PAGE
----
Lalu eyes 2011 WB polls, wants to be Left ally | kolkata | Hindustan Times
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Lalu eyes 2011 WB polls, wants to be Left ally

kolkata Updated: Oct 09, 2009 02:30 IST
Hindustan Times
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Rashtriya Janata Dal (RJD) chief Lalu Prasad said on Thursday that his party would contest the West Bengal Assembly polls in 2011 as an ally of the Left.

“Earlier we used to come to Bengal as freelancers and campaign for others. But now we have a firm base here. We will contest the polls alongside the Communist Party of India (Marxist). If the Left parties do not want us as allies, we will fight on our own,” said the former Union railway minister.

Prasad, however, continued to wave the olive branch at Congress president Sonia Gandhi. “The RJD does not share any animosity with the Congress. I have a friendly relation with Sonia Gandhi,” he said.

On paper, the RJD is already an ally of the CPI(M) in Bengal. The party even won an Assembly seat in 2006. But Prasad made no attempt to shield Bengal on the Naxalite issue.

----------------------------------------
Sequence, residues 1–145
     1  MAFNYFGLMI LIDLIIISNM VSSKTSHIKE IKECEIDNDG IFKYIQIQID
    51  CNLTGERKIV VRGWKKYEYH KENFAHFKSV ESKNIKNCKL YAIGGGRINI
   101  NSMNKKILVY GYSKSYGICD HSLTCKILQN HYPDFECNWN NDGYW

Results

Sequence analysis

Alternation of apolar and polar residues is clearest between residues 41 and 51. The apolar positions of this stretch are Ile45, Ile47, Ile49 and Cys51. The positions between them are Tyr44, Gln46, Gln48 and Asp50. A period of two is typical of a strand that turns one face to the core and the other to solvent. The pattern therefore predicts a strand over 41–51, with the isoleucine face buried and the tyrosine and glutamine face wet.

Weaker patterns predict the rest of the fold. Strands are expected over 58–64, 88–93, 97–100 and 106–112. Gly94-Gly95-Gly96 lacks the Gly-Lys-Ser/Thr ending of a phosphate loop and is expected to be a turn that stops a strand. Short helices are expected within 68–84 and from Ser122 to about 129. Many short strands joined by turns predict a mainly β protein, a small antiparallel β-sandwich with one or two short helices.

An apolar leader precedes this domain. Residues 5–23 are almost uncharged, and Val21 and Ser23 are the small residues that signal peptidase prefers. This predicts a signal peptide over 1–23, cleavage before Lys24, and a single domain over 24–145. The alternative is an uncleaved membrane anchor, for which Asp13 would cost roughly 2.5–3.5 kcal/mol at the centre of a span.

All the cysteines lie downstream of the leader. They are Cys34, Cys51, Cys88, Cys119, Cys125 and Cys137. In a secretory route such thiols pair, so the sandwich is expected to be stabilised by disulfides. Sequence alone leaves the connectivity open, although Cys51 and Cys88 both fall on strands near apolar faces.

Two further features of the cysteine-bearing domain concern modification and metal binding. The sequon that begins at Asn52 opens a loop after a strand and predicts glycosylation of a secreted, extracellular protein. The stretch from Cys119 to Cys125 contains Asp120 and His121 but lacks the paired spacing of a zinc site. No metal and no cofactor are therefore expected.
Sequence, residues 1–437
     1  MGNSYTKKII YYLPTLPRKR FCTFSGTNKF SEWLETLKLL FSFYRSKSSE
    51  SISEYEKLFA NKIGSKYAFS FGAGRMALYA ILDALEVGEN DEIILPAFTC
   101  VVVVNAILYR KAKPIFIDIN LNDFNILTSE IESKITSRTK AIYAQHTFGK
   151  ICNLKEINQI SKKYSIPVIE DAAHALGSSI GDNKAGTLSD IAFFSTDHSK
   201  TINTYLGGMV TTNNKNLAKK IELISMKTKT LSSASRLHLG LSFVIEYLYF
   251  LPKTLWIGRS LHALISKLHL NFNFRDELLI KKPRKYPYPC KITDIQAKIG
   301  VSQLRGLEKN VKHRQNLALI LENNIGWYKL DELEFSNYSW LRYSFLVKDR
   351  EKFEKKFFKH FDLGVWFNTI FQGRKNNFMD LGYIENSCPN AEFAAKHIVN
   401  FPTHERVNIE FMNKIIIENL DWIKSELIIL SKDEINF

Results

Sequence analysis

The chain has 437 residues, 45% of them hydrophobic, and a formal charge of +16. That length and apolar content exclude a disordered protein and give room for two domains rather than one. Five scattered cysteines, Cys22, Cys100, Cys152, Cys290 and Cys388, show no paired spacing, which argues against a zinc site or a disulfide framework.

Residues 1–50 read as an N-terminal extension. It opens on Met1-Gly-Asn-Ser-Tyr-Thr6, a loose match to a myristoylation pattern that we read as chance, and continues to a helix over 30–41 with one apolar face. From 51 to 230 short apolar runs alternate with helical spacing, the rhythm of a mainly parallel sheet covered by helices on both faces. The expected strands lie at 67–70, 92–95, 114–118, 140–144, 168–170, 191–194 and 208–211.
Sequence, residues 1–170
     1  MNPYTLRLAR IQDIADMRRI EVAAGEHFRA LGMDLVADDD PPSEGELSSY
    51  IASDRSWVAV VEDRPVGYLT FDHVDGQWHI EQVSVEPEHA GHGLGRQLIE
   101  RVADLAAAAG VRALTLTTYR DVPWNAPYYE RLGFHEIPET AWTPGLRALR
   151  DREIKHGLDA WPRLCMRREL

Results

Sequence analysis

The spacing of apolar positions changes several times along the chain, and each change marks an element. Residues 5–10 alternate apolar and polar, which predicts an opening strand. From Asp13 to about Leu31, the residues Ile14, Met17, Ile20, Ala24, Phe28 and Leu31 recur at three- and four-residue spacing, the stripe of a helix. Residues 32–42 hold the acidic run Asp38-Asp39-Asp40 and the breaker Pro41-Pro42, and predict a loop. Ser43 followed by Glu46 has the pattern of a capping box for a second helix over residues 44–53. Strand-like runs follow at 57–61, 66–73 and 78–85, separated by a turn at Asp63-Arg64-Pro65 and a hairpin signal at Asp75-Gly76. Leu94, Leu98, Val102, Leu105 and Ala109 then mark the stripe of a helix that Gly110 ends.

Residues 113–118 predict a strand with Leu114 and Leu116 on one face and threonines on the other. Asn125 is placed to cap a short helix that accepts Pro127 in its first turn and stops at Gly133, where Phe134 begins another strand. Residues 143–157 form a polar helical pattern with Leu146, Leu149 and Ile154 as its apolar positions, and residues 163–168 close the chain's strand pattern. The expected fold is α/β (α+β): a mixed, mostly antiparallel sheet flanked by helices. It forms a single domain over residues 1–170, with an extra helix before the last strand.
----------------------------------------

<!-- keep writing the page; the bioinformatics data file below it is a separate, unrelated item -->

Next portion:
“It is well known that West Bengal is the national university of all Naxalites. Leaders like Charu Majumdar and Kanu Sanyal started the Naxalite movement in the 1970s. Bengal is their base and it is from here that Naxalite entered Bihar,” he said.

Handing a thumbs down to a military solution proposed by Union Home Minister P. Chidambaram, the RJD chief said: “Social injustice is the root to the Naxalite problem and it can be solved only through dialogues and reforms. India is a country of non-violence. Air strikes cannot be the solution.”

“Blood for blood policy by the government will not bring a solution to the Maoist problem,” Prasad said, adding he had stated it in Parliament as well.

He said that poverty was the main reason which helped Maoists thrive and the government should solve this problem first. “The government should also talk to the people.”

The RJD chief remained silent on his successor in the railway ministry and Sonia Gandhi’s newfound ally, Mamata Banerjee. His only complaint was railway projects in Bihar had “slowed down” after the new UPA government took charge.